8. Next we examine the question as to whether defendants 2 and 3 became tenants by virtue of alleged assignment of tenancy rights by defendant No. 1 in their favour. There is nothing on record to support this contention. The release deed which is relied upon by the defendants for this purpose has no mention whatsoever about the tenancy rights released by defendant No. 1 in favour of defendants No. 2 and 3. The release deed only talks about business of printing press. After the release deed, defendant No. 1 ceased to have any interest in the business of the printing press. There is no proof of payment of rent by defendant 2 and 3 with respect to the suit premises to the landlord. There is no rent receipt in their favour. The landlord is not a party to the release deed. He is not bound by any recitals contained in the release deed. Further it is settled law that one does not become tenant by mere payment of rent even if that be so. Simply because defendants 2 and 3 continued to be in possession of the suit premises, it does not follow that they were in occupation thereof as tenants. They had no right whatsoever with respect to the suit premises.
9. Alternatively defendants 2 and 3 claimed t
o be tenants by holding over. This argument is totally misconceived. We have found that defendants 2 and 3 never became tenants in the suit premises. Question of their becoming tenants by holding over does not arise.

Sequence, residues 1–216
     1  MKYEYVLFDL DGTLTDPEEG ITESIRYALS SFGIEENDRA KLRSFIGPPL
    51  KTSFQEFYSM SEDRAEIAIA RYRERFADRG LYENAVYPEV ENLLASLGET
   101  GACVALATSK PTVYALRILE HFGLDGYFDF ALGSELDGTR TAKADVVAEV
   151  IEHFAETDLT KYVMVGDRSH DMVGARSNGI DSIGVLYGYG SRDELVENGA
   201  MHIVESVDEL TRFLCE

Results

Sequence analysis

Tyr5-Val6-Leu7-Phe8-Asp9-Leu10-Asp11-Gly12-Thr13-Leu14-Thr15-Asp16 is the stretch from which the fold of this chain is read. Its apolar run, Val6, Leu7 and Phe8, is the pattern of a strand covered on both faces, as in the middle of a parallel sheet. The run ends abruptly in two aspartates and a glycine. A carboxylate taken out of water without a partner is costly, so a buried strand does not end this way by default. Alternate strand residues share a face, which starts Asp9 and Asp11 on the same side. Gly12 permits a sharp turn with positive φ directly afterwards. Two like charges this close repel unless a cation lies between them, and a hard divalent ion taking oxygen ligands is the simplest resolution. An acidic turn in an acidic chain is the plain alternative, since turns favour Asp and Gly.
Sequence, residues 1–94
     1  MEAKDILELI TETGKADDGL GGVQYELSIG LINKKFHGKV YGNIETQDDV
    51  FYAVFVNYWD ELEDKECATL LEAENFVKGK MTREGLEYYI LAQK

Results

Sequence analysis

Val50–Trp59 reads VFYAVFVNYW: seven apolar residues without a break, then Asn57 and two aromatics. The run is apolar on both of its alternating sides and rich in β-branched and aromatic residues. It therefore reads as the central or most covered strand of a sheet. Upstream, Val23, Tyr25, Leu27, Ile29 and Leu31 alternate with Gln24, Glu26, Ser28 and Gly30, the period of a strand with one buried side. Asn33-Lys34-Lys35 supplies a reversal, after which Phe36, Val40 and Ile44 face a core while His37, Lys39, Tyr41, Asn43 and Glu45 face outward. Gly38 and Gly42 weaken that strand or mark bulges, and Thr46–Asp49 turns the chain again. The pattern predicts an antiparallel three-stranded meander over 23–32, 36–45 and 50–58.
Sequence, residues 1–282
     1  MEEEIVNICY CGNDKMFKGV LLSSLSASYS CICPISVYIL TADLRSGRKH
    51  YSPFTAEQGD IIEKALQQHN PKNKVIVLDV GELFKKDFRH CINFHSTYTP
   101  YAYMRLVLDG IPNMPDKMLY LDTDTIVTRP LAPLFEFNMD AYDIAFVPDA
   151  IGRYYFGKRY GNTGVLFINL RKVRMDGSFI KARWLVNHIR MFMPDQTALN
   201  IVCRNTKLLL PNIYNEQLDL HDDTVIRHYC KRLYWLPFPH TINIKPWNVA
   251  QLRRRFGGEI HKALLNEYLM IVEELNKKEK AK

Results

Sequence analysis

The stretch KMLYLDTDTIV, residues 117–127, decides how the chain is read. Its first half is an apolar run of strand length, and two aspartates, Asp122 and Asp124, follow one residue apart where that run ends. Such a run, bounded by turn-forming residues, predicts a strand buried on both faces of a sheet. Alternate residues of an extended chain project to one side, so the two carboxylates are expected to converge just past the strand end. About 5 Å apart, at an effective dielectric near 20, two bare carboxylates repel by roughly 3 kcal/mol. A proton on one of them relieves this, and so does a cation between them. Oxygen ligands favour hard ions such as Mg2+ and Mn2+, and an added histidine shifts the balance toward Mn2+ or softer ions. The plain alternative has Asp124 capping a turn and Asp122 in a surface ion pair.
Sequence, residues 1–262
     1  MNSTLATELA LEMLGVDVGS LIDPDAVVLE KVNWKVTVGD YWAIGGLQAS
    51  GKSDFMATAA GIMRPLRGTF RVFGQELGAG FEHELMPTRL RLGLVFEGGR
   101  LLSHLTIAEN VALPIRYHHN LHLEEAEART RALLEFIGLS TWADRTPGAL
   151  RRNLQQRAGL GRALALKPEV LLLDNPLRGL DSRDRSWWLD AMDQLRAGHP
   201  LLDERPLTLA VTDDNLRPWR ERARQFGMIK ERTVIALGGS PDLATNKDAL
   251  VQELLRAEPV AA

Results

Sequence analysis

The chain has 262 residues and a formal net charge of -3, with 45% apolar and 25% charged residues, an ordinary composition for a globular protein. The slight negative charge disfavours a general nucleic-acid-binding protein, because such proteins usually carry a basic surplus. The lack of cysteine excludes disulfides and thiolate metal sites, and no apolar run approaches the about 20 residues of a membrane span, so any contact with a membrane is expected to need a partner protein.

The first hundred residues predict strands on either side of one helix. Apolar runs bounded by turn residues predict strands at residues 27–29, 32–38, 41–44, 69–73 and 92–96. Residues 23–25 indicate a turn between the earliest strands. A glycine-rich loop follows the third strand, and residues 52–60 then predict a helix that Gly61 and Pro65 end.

10. The defendants filed an application under Section 9 of the Act for purchase of the suit property. The said application was dismissed by the trial Court. The lower appellate court however by a strange process of reasoning came to the conclusion that defendants 2 and 3 had become tenants in the suit premises and therefore, their right to purchase the property under Section 9 of the Act was upheld. However, the High Court set aside that finding and rejected the application. The High Court came to a definite finding that defendants 2 and 3 were not tenants of the suit premises, and therefore, they could not maintain an application under Section 9. We have already quoted the relevant portion of Section 9. As noticed earlier it is mandatory for an application under Section 9 that the applicant should be a tenant in possession of the suit premises. In view of our upholding the finding that defendants 2 and 3 never became tenants in the suit premises, they could not maintain an application under Section 9 and such application on their behalf was therefore, rightly rejected by the High Court. At this stage we may note it was pleaded by defendants 1 to 3 in their application under Section 9 that only defendants 2 and 3 were in possession and enjoyment of suit property. It was also pleaded that defendants 2 and 3 were tenants and were paying rent. The application further states that defendant No. 1 was impleaded only to avoid technical objections. Thus relief was sought really by defendants 2 and